But for all my searching, I could not find any significance in relation to my current condition.
I directed my gaze past my new acquaintance and out the window where I could observe the burning oil fields far below us. Over incalculable distances refineries blazed throughout the dense, black night. In my mind I contrasted the generation of all that energy against the deadness of the dark atmosphere around us. Gradually everything revealed itself to me and I began to understand one thing quite clearly.
‘So I am going to die,’ I remarked.
‘Yes of course. Shortly before landing the pilot will lose control of the aircraft’.
‘And what then?’ I asked.
‘Well then you will no longer be unique. You shall then join the ranks of those before you.’
I paused for a moment.
‘I should be deeply troubled by that’ I responded.
‘Yes, that’s because you now realise who I am’, he replied.
He was right. I did now know who he was. As unsettling as it should have been to discover that I would soon die, I could not bring myself to despair. It was not required. As a younger man I had always thought of death as a distressing occurrence, associated with funeral and grief. For the longest time I even remember suffering panic attacks. Awakening alone in the dark, gasping for breath I would gradually recall some dream, thereafter laying the remainder of those nights gazing sleeplessly upwards. I wondered had my new acquaintance ever entertained such fears. But before I could ask, he resumed conversation with me.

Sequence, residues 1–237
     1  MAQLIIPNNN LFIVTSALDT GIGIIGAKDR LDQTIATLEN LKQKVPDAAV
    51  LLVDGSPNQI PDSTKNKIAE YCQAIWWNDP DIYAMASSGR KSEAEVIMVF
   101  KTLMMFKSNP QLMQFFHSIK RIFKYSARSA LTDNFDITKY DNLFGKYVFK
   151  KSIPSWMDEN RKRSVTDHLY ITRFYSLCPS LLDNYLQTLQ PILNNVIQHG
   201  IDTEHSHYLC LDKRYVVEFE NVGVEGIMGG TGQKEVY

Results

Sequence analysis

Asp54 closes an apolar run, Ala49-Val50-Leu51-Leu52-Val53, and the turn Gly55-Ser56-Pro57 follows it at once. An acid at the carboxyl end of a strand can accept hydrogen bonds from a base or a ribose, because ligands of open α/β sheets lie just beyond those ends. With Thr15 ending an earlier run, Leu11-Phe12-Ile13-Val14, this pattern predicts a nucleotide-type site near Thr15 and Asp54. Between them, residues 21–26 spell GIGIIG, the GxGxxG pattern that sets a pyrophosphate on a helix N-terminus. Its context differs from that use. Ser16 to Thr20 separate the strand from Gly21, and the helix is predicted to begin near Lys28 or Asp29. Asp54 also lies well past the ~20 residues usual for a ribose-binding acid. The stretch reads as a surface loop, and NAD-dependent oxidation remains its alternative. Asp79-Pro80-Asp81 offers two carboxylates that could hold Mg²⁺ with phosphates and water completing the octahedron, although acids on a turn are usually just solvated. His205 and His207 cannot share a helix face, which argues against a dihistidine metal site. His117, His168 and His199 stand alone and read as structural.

‘Tell me how it is that you should have ended up on this flight despite having prior knowledge of its ultimate destination’.
‘Well it is only in retrospect that I believe I knew that’, I said.
‘Is it? Are you sure?’
I wasn’t sure. There was no point lying. I knew that he must be aware of my every thought, so I decided to let it rest. My thoughts were thereafter directed at the other passengers. I wondered what was to be their fate. I wondered if I alone was aware of the doomed nature of our flight. I felt sorry for the children.
‘Can they hear us?’ I asked.
‘No. You’re not speaking aloud’.
‘Then I must already be dead’
‘No, not yet. Everyone knows when they’re dead. It becomes quite clear.’
The time passed slower than before. The clock ticked in the cabin, and each shift of its mechanical hands consumed an everlasting moment. It was during one of these very moments that I noticed reflected in the clear glass face of the thing the aged face of my co-passenger, and for the entirety of that instant I recognised in him an ancient all-consuming sadness.
The jet flew on through the freezing thin air, through the eternal night outside – a night which wrapped itself out over the surface of the Earth far below. A dead stillness lay within the cabin as sleep took hold, and the man in the seat never said another word.
Conor Purcell is the editor of Wide Orbits.